A history of safe values ​​| Comment

We wrote here a couple of weeks ago that this 2023 edition of the Berlinale had been an edition of safe values ​​— and in a way the history of the jury chaired by actress Kristen Stewart confirms this, assigning its prizes to established names that signed some of the best festival films, even if in unexpected configurations.

It is precisely in this lineage that the Jury Prize must be understood as barely livingby João Canijo: it is the deserved recognition of a filmmaker with established credits who inexplicably never took the leap to the next level, and with a film that fully deserves to take that leap (despite its critical reception by the magazines of the field not have been largely unanimous).

By her side in the main competition’s history, we found safe names again: Angela Schanelec (best argument by Music); Philippe Garrel (Best Direction by Le Grand Chariot); Christian Petzold (Special Jury Prize for Afire); Nicolas Philibert (the author of the phenomenon To be and have, Golden Bear by sur l’adamant). As if the “young filmmakers” who were part of the competitive selection had not proposed titles at their level (we are still sorry that the jury left out Past Lives by, Celine Song or Totem, by Lila Aviles). All good people, all good films, all very good but all very unsurprising.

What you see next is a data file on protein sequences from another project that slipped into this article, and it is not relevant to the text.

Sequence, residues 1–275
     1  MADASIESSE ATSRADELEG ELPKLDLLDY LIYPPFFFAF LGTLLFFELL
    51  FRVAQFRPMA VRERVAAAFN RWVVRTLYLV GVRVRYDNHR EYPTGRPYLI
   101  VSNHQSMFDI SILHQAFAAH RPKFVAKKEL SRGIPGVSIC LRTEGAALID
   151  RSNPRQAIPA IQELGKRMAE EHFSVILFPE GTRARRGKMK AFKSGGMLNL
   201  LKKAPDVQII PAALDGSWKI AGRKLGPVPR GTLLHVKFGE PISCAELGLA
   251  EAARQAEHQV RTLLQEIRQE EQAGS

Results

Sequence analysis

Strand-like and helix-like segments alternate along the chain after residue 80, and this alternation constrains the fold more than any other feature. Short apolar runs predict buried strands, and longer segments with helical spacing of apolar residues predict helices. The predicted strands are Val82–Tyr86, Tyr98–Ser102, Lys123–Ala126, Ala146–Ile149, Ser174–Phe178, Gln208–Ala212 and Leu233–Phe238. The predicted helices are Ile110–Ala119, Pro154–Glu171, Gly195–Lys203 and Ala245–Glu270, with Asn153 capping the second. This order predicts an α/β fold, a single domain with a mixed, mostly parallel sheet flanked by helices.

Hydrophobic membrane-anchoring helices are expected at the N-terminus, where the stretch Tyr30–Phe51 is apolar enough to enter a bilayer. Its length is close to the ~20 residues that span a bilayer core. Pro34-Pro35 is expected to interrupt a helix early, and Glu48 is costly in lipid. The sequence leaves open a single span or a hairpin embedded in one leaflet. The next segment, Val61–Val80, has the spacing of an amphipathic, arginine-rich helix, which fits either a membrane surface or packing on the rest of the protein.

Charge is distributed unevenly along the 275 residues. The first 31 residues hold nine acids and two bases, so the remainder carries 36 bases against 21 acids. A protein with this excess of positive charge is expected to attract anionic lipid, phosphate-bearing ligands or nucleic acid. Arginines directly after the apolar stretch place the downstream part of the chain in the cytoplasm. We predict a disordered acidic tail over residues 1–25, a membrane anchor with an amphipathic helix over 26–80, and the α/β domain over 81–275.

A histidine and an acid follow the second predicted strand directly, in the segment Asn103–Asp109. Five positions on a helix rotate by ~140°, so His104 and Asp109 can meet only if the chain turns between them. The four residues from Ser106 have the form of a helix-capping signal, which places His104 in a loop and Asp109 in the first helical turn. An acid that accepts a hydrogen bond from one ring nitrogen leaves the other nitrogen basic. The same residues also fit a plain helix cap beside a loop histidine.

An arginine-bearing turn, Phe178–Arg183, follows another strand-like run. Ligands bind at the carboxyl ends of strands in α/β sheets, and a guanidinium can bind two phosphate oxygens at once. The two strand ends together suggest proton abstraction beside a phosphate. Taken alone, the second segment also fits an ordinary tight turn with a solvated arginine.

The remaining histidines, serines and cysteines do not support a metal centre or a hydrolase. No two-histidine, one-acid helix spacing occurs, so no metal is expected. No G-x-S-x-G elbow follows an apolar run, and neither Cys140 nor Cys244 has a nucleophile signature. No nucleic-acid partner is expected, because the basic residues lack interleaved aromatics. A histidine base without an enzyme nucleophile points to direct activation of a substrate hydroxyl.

It is not a transcendent record, even if it is extremely defensible: in fact, some of the best films of the festival were here (which also reflects a less impressive selection than in previous years). And precisely because of the number of names with winning curriculum, the impression that remains is that of a lukewarm festival (which, in fact, it was), safe more than challenging, without failing to reflect, discreetly and slightly, the activist, political, that Berlin always has.

The Adamant in the documentary by Philibert that won the Golden Bear is a day center on the Seine that welcomes adults with mental disorders, a social issue that is far from being “fracturing” like Ukraine, Iran or trans rights in focus this year. Not that they were forgotten: the award for best lead performance went to the amazing Sofía Otero for the Basque film Estíbaliz Sologuren about a transgender girl, 20,000 Bee Speciesand the special jury prize of the parallel Encounters to Orlando, My Political Biographythe trans celebration of Paul B. Preciado.

Incidentally: the boldness that may have been missing from the competition’s history is all in the Encounters awards, with the Golden Bear being here of the Belgian Bas Devos and the Jury Prize at the same time as Orlando It is samsara by Lois Patiño, who reinvent with charm and intelligence what a film can be in the 21st century. In a year in which the two competitions were too often confused, the honors end up defining much better what each one is supposed to be: “classic” in the case of the main competition, “daring” in Encounters.

It remains to celebrate João Canijo’s Silver Bear and hope that this will allow his cinema to obtain the international traction it always deserved and never found. There is something fair about his award that cannot and should not be ignored — and, alongside these names, it is much bigger than it seems.

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